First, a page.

Home / Film / Passengers: We were woken up too soon

Passengers: We were woken up too soon

It’s the last big blockbuster of the year, a sci-fi extravaganza with top dollar effects and two of the biggest names in the industry in the starring roles: Chris Pratt and Jennifer Lawrence. Passengers tells the story of two people trapped on a luxury space liner, released from cryogenic stasis 90 years too early. The premise, in fact, becomes more twisted than the trailers let on (an increasingly rare occurrence) but I’ll not spoil the embargo they place on proceedings. In an age when the importance of ‘big names’ to ensure box office returns is rapidly diminishing, it is fascinating to see a traditional two-parter action-adventure-romance framed so entirely around its massive stars. And effort has been dedicated to giving the big stars a big damn production to get their teeth into.

Passengers is, all told, a well-made and engaging film… if you can overlook some of the diabolical emotional manipulation that the film never quite owns up to. The complexities of the relationship between Pratt’s Jim Preston and Lawrence’s Aurora Lane goes a lot darker than I was expecting, which is to the film’s credit, but just as it is preparing to delve even deeper into horrible territory, Passengers capitulates into commendable but safe disaster movie action.

Lifestyle porn of the highest order: beautiful people modelling stylish clothing in immaculate sets

The film essentially has two modes: the personal drama between Pratt and Lawrence and the ‘save the ship’ antics that you always knew were coming. Both are very solid in and of themselves – I was genuinely impressed with the simple and measured approach to the story-telling – but the film is adhering to a well-trodden formula and it occurred to me after the viewing that it used its big buck finale to plaster over a lot of dangling issues between its protagonists.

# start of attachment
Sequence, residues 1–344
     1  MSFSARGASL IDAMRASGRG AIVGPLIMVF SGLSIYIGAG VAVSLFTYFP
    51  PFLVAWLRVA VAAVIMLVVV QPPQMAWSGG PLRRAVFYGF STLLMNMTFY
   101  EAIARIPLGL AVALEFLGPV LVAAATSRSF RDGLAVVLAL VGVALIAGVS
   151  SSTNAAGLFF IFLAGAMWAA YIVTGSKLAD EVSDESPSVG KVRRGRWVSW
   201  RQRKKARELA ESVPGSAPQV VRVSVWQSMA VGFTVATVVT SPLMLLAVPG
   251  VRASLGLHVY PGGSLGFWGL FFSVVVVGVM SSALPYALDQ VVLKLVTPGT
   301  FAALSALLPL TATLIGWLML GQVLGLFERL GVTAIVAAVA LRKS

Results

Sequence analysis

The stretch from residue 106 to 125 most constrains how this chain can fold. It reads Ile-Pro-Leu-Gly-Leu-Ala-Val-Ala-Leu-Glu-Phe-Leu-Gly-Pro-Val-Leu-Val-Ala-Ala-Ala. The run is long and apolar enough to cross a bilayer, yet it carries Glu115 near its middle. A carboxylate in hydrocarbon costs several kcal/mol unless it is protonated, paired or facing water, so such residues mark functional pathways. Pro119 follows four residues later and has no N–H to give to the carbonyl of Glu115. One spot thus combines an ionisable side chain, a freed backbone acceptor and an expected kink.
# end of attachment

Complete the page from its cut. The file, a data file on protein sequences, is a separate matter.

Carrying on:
Let’s be clear about expectations though. Passengers is a mainstream blockbuster. It was never going to be the gnarled interpersonal drama I wanted; this is not experimental, art house or independent cinema. There’s no merit to me complaining about the Poseidon Adventure in space material at the close: the film makes its intentions and trajectory very clear at the start. I knew what I was getting into. But that doesn’t excuse the film from some terrible implications in its depiction of a happy relationship.

Generic satisfaction is settled for rather than the more interesting and sinister route available

And this is a real pity because the leads are genuinely charismatic and the script is otherwise solid. Their romance is natural but the worm at the heart of it – which the film is perfectly upfront about in narrative terms – does not get the attention or resolution it deserves. Clearly, I am talking around something and within 10 minutes of the film starting, you will realise what. And then you will realise how the film is going to resolve to deliver its conventional Hollywood ending.

As far as big studio formula films go, it’s rare to find an example with such obvious craftsmanship. You’ve seen this film before, both in terms of its template and as it borrows freely from elsewhere (though I give it credit for occasionally picking more obscure sources – who even remembers Red Planet?), but there’s no questioning that the director Morten Tylden grasps pacing and structure to a degree his peers should envy. Just WHY did he have to wuss out on tackling the big issue of the film?

Verdict: An impressive big studio film that faces a frustrating stumbling block.

About Fenton Coulthurst

Fenton is an occasional writer and journalist. He primarily writes on film and culture. His articles range from film reviews, to coverage of literary festivals and even comic book history.

Leave a Reply